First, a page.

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Health IT interoperability has been an elusive goal, with silos between hospitals, clinics, pharmacies, and payers making exchange of information difficult. Vanderbilt engineers have successfully developed and validated the feasibility of blockchain-based technologies for secure, confidential sharing of patient medical records in a case study that demonstrates how blockchain could solve a huge healthcare challenge.

Vanderbilt engineers have successfully developed and validated the feasibility of blockchain-based technologies for secure, confidential sharing of patient medical records in a case study that demonstrates how blockchain could solve a huge healthcare challenge.

Health IT interoperability has been an elusive goal, with data silos between hospitals, clinics, pharmacies, and payers making exchange of information difficult. The Vanderbilt case study shows how blockchain tech could securely streamline the process.

Significantly, researchers also are partnering with a Nashville that plans to use blockchain technology to tackle the nation’s opioid addiction crises.

Vanderbilt says that these developments are part of a larger effort at Vanderbilt’s Institute for Software Integrated Systems to approach the problems and promise of blockchain in a holistic way. Researchers have created a range of significant capabilities, including an architecture that supports secure information access to design standards for best practices, mathematical verification that the underlying code is correct, and a test bed for researchers to try out their ideas.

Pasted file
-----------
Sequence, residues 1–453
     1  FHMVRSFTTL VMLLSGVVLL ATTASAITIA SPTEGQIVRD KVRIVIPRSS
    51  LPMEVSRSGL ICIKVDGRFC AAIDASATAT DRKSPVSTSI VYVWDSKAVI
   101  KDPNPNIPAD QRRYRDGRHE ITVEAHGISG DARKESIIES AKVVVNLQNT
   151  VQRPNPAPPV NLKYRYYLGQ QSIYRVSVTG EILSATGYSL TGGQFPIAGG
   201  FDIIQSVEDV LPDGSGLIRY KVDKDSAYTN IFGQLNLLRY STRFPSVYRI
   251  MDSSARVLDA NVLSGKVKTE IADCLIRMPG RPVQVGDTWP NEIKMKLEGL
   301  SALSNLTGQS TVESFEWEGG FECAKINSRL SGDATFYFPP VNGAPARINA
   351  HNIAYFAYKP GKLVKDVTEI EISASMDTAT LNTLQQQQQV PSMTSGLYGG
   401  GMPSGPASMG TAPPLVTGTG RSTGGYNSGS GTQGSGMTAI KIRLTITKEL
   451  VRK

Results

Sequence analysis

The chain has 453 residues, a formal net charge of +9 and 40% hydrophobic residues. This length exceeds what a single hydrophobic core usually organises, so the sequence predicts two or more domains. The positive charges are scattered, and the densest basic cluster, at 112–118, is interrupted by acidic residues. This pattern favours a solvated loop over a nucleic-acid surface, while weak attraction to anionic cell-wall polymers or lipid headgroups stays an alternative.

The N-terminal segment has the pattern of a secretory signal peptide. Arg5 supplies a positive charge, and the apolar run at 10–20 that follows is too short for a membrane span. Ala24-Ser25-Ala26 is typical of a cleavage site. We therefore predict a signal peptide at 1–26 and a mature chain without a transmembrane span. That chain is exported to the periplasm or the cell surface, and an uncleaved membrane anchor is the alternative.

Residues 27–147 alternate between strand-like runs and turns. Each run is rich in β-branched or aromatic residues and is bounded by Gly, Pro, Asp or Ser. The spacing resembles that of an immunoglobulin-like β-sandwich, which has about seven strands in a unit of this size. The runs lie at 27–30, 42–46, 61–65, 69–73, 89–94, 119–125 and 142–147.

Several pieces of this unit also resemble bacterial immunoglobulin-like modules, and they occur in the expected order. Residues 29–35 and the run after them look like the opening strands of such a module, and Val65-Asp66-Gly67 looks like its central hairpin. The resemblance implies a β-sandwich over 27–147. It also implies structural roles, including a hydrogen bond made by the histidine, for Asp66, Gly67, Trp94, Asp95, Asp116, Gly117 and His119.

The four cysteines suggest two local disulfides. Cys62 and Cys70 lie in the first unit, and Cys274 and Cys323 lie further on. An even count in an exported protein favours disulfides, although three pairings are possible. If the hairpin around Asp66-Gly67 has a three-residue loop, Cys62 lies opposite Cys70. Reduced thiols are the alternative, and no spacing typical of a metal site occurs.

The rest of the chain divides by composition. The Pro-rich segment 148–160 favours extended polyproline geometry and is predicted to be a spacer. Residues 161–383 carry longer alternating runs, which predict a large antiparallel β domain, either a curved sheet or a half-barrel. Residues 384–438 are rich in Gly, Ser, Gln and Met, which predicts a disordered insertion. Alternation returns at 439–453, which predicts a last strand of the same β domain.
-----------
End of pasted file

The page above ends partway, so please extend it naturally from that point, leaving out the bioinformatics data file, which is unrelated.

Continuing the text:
In addition to healthcare, they are working on blockchain test cases with smart, connected cities, power grid applications, and supplier risk management.

“A few years ago people thought blockchain technologies would solve every imaginable problem,” said Cornelius Vanderbilt Professor of Engineering Douglas C. Schmidt. “People are realizing that this goal is simply not realistic and are now looking more carefully at when and where these technologies might be useful.”

Beyond the hype and high Bitcoin prices, conventional blockchain technology has been problematic for widespread applications. Its technical foundation has been around for decades, based on the concept of a public, distributed ledger. The underlying code itself is buggy and the conventional model doesn’t support large volumes of transactions with stringent time constraints.

But the potential power of blockchain technology in healthcare—particularly sharing of patient data to support more timely diagnosis and treatment—is getting closer.

Sharing medical data without an intermediary
The case study, which involved a rural hospital tumor board, as well as the blockchain architecture supporting that secure information exchange are in the team’s paper, “FHIRChain: Applying Blockchain to Securely and Scalably Share Clinical Data.” It is available as a preprint and has been submitted to the Computational and Structural Biotechnology Journal.

Researchers from Vanderbilt and Varian Medical Systems evaluated FHIRChain, as they dubbed the technology. Pronounced as “fire,” FHIR stands for Fast Healthcare Interoperability Resources.

Their goal was to design a blockchain-based system



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